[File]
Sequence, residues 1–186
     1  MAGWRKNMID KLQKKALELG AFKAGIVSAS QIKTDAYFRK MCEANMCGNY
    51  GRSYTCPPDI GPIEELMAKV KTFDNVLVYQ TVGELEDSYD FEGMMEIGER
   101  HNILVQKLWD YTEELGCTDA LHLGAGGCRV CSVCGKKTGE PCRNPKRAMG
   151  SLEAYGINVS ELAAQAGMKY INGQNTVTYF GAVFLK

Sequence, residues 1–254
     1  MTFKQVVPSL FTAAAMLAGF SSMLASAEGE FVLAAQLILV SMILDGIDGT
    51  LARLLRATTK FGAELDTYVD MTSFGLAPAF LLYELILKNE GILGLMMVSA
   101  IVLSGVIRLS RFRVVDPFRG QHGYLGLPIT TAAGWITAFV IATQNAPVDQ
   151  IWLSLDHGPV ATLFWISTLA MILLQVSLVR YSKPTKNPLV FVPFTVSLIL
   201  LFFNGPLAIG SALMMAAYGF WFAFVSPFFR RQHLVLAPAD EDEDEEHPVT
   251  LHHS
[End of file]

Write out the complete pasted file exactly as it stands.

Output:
Sequence, residues 1–186
     1  MAGWRKNMID KLQKKALELG AFKAGIVSAS QIKTDAYFRK MCEANMCGNY
    51  GRSYTCPPDI GPIEELMAKV KTFDNVLVYQ TVGELEDSYD FEGMMEIGER
   101  HNILVQKLWD YTEELGCTDA LHLGAGGCRV CSVCGKKTGE PCRNPKRAMG
   151  SLEAYGINVS ELAAQAGMKY INGQNTVTYF GAVFLK

Sequence, residues 1–254
     1  MTFKQVVPSL FTAAAMLAGF SSMLASAEGE FVLAAQLILV SMILDGIDGT
    51  LARLLRATTK FGAELDTYVD MTSFGLAPAF LLYELILKNE GILGLMMVSA
   101  IVLSGVIRLS RFRVVDPFRG QHGYLGLPIT TAAGWITAFV IATQNAPVDQ
   151  IWLSLDHGPV ATLFWISTLA MILLQVSLVR YSKPTKNPLV FVPFTVSLIL
   201  LFFNGPLAIG SALMMAAYGF WFAFVSPFFR RQHLVLAPAD EDEDEEHPVT
   251  LHHS